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How Social Media Can Help (or Hurt) Your Job Search

Do's and don'ts on using Facebook, LinkedIn, Twitter

Twitter

On Twitter, you post personal thoughts, current news and anything else you hope will be intriguing, all in no more than 140 characters. These messages are known as tweets. They go out to your network of followers, who could be friends or complete strangers.

Of all the social networks, Twitter is probably the least helpful in a job search. Still, it can help you stay up to date on what people, companies and organizations in your occupational field are doing.

  • Don't tweet first and think later. You are what you tweet. An employer can search and find what you've posted. "If you wouldn't want it on page one of your daily newspaper, don't tweet it," Silverberg advises.
  • Do follow leaders in your field, potential employers, your college career center, your college alumni office and career advice sites. Using the site's search function, get career tips and learn about potential employers and developments in your field.
  • Do make your Twitter profile count. You have only 160 characters to work with in a profile, so be creative and to the point. "It's the first impression people will get about you," Silverberg says.
  • Do connect with TweetMyJobs and sign up for its free services. You can choose the cities and job titles you're most interested in, and these will be tweeted to you as they appear. The postings are immediate, so you'll hear about a job before other social platforms will likely have it.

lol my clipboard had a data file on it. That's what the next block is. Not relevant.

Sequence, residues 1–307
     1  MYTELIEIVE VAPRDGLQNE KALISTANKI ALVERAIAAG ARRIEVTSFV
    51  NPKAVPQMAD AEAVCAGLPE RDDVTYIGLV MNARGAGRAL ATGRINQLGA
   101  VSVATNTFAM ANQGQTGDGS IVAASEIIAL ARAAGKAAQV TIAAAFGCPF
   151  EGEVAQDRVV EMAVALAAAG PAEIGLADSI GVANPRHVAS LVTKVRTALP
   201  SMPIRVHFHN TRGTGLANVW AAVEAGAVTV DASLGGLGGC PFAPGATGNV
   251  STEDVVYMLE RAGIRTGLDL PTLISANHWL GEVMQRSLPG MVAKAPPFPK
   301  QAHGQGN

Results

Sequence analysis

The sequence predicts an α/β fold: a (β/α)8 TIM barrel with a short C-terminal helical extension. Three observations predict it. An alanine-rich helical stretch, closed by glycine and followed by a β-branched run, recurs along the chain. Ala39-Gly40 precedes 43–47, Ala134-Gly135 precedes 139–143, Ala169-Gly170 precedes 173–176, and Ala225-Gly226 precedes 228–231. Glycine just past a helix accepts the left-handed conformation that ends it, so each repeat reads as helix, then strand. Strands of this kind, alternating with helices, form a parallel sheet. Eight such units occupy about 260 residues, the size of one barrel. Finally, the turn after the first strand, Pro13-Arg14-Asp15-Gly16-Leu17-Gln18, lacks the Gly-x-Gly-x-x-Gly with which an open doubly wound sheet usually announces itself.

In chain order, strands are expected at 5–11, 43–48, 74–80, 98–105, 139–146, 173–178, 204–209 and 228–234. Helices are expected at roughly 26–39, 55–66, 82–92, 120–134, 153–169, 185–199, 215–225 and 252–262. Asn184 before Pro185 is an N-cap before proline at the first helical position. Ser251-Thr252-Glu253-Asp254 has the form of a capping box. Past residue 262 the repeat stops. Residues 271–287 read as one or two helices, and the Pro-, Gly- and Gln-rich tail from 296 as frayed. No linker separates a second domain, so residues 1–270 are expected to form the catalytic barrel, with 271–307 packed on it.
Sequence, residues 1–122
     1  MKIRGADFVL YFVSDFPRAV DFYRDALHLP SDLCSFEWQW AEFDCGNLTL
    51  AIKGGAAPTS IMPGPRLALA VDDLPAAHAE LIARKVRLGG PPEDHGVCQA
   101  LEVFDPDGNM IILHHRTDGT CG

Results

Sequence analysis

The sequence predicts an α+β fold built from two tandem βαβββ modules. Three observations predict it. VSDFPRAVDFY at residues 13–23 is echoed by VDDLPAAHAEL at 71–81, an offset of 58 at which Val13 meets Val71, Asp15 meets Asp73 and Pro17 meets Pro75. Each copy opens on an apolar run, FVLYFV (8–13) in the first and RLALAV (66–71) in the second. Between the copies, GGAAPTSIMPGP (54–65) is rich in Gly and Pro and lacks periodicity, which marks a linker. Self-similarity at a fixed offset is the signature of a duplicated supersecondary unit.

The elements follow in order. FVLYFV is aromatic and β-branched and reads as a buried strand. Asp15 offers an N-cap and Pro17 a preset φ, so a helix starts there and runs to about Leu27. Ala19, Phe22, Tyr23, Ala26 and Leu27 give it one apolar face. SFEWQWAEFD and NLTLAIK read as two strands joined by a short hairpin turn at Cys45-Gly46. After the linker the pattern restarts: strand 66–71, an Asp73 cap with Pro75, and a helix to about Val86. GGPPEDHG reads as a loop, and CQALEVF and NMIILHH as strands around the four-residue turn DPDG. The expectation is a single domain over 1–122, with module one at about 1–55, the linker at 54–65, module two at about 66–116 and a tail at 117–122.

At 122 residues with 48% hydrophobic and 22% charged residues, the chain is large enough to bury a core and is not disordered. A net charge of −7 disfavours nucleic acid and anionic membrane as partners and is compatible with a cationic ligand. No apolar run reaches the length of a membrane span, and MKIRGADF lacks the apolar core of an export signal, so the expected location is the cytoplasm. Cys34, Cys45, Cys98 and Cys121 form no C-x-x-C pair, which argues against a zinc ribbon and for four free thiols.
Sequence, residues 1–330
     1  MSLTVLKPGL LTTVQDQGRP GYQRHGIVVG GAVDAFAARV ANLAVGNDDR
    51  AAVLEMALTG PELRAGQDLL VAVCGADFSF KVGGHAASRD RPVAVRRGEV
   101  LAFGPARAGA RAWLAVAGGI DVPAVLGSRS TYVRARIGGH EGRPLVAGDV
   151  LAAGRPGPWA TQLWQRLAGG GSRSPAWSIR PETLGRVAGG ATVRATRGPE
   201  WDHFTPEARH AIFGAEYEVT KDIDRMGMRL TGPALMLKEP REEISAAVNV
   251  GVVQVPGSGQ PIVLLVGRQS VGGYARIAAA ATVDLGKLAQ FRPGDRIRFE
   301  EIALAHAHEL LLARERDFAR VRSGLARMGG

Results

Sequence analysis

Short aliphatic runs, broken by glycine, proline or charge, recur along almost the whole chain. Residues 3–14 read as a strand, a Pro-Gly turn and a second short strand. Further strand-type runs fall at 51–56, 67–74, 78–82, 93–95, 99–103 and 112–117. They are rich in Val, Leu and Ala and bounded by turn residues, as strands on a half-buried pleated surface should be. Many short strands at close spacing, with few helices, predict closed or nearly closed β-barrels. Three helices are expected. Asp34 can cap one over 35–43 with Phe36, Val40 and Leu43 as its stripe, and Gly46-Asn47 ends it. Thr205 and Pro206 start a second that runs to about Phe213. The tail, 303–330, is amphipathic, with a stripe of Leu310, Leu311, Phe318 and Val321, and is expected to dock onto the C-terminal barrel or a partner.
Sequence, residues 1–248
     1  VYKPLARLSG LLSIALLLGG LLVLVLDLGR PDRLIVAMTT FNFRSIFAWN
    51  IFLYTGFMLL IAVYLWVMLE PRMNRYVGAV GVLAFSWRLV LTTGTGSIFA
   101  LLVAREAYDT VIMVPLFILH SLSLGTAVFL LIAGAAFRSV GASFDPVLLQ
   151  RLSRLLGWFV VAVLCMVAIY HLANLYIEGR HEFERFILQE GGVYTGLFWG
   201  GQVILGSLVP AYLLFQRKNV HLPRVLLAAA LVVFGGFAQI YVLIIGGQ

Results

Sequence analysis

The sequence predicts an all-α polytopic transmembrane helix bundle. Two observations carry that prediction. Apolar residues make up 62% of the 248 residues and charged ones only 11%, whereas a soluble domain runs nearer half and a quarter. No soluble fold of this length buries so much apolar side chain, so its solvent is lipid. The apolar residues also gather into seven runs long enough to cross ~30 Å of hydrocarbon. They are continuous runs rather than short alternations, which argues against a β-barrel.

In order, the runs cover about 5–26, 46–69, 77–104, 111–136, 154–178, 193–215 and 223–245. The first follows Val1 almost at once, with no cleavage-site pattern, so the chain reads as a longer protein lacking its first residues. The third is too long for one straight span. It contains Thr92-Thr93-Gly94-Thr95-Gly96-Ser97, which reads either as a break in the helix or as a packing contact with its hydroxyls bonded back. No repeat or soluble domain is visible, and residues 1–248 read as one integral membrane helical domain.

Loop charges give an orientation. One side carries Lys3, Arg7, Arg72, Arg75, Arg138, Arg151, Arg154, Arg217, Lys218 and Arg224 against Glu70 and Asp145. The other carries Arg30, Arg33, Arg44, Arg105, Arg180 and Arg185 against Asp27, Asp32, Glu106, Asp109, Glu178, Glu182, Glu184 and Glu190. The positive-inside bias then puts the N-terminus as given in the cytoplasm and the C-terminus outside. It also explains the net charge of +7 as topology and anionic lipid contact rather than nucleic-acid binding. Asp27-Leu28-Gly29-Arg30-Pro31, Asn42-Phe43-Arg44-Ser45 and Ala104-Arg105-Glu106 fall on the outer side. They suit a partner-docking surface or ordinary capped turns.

• Do establish yourself as an expert in your area of interest by tweeting about its latest articles, news and research. If fashion is your thing, tweet out your best tips to followers.
  • Don't create separate Twitter accounts for personal and professional use. It could get confusing and cause you to send a tweet from the wrong account. And from a practical standpoint, you want anyone who finds you to see who you are, from all standpoints. If you're a busy mom who happens to work for a Fortune 500 company, talk about it.
  • Do put a disclaimer in your Twitter bio and profile that your views are your own, not your current employer's.

Next: Should you delete your personal website or blog? »

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